More on the University of Minnesota Charlie Hebdo controversy: ‘There are limits on free speech’

From the Equal Opportunity and Affirmative Action office: "There are limits on free speech, and that would be where you have harassment of an individual based on their identity,” she said. “We got complaints from eight individuals and a petition from 300 people saying that they felt that this was insulting, disparaging to their faith."

Google relieved of duty to search for relevant evidence in executing search warrant

That's a job for criminal investigators, not Google, a court holds.

How the federal government could use conditional spending to force the removal of Times Square billboards

The federal government is reportedly applying federal standards limiting billboards along highways to NYC's Times Square.



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Release of ship by Iran is really a ransom

The release of the Maersk Tigris through what amounts to the payment of ransom means this will not be the last time Iran takes civilian shipping hostage.

God & Jesus v. Homosexuals

Well, to be precise, I Sylvia Ann Driskell Ambassador for Plaintiff's God, and His, Son, Jesus Christ v. Their Given Name Homosexuals Their, Alis Gay, filed May (not April) 1 in the U.S. District Court for the District of Nebraska.

‘The dangerous myths about Charlie Hebdo’

A generally excellent Atlantic piece by Jeffrey Golberg.

Eleventh Circuit rules for the feds on cell-site records — but then overreaches

In a long-awaited decision, the en banc Eleventh Circuit handed DOJ a major Fourth Amendment victory. First, the court held that historical cell site records are not protected at all under the Fourth Amendment. Second, the court held that even if those records are protected, mere reasonable suspicion is enough for investigators to get them: No warrant or probable cause is required. I think the first holding is correct, but that the second holding is really troubling and much more important. Here's why.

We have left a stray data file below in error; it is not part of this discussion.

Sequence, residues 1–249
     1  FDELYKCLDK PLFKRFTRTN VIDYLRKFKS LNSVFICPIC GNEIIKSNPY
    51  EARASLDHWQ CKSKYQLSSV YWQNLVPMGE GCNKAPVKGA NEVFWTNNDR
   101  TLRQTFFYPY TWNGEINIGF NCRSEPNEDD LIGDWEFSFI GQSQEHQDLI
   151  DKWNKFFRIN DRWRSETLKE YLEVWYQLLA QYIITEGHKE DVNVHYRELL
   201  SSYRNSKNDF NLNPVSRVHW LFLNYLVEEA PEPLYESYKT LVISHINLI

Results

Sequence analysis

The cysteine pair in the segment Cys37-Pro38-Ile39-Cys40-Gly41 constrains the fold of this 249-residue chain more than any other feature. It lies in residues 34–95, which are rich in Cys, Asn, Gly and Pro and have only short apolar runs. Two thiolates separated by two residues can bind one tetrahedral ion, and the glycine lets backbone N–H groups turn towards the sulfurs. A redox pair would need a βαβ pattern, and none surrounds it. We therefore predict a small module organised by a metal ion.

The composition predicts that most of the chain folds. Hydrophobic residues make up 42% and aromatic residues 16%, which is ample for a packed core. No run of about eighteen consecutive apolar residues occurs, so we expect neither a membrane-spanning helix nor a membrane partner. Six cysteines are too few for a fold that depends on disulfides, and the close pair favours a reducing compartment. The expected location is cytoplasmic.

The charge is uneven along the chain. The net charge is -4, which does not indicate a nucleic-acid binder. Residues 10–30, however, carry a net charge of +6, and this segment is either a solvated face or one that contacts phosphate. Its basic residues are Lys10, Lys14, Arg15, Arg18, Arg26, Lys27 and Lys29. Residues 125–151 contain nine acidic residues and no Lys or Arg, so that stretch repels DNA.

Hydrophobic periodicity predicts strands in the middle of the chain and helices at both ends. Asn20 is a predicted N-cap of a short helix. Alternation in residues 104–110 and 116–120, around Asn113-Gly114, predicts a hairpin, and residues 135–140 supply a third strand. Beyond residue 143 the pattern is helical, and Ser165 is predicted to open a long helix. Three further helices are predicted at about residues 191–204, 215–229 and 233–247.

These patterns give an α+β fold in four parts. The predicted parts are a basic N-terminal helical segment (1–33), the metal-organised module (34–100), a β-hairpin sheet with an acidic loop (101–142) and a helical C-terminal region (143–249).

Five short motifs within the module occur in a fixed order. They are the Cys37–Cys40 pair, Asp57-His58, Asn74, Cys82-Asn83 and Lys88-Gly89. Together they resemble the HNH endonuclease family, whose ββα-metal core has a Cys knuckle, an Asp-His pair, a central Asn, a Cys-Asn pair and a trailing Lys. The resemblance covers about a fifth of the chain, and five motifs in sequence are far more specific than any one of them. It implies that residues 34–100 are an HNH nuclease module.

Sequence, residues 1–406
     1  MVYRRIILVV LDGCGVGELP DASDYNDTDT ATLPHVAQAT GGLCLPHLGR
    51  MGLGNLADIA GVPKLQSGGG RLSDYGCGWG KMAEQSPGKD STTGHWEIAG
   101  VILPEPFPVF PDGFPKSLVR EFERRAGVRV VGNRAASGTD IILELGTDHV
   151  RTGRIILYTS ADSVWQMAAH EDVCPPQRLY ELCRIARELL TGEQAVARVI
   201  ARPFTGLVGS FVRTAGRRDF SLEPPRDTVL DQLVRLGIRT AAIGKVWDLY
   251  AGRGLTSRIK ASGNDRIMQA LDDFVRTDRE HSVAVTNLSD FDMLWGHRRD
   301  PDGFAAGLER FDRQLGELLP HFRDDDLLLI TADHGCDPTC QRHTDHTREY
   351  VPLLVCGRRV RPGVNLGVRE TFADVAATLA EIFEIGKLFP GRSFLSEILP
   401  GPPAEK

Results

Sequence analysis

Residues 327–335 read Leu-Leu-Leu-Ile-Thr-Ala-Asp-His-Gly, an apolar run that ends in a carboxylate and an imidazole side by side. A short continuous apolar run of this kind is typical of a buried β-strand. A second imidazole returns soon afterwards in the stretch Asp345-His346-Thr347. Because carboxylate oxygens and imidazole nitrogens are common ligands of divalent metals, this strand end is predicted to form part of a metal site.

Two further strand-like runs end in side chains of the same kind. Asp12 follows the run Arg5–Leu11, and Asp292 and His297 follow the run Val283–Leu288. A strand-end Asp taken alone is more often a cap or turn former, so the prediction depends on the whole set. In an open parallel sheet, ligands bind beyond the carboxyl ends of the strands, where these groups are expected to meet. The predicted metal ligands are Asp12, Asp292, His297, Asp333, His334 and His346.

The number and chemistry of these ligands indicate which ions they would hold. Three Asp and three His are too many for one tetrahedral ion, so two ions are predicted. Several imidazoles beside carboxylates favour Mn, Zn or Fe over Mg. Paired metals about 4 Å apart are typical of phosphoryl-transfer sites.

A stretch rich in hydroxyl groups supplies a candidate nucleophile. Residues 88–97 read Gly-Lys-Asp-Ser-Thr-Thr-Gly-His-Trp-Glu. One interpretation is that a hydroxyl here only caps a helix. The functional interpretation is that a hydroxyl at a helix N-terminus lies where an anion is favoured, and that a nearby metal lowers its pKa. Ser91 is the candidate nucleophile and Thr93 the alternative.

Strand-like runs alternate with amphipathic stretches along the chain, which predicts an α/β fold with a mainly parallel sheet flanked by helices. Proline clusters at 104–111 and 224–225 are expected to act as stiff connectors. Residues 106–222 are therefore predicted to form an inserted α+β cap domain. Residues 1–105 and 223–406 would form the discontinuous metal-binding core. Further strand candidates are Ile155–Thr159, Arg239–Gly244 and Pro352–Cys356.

Charlie Hebdo censorship controversy at the University of Minnesota

Attempts to take down material displaying the Charlie Hebdo covers come to one of the nation's leading public universities.

Madison expressly amends its antidiscrimination ordinance to cover atheists — who were almost certainly covered already

Might be good to make this explicit, but normal bans on discrimination based on religion have already been read to cover discrimination against atheists, too.

The California appellate doghouse

A docket entry: "05/04/2015 -- Received Court of Appeal record -- one doghouse ...."

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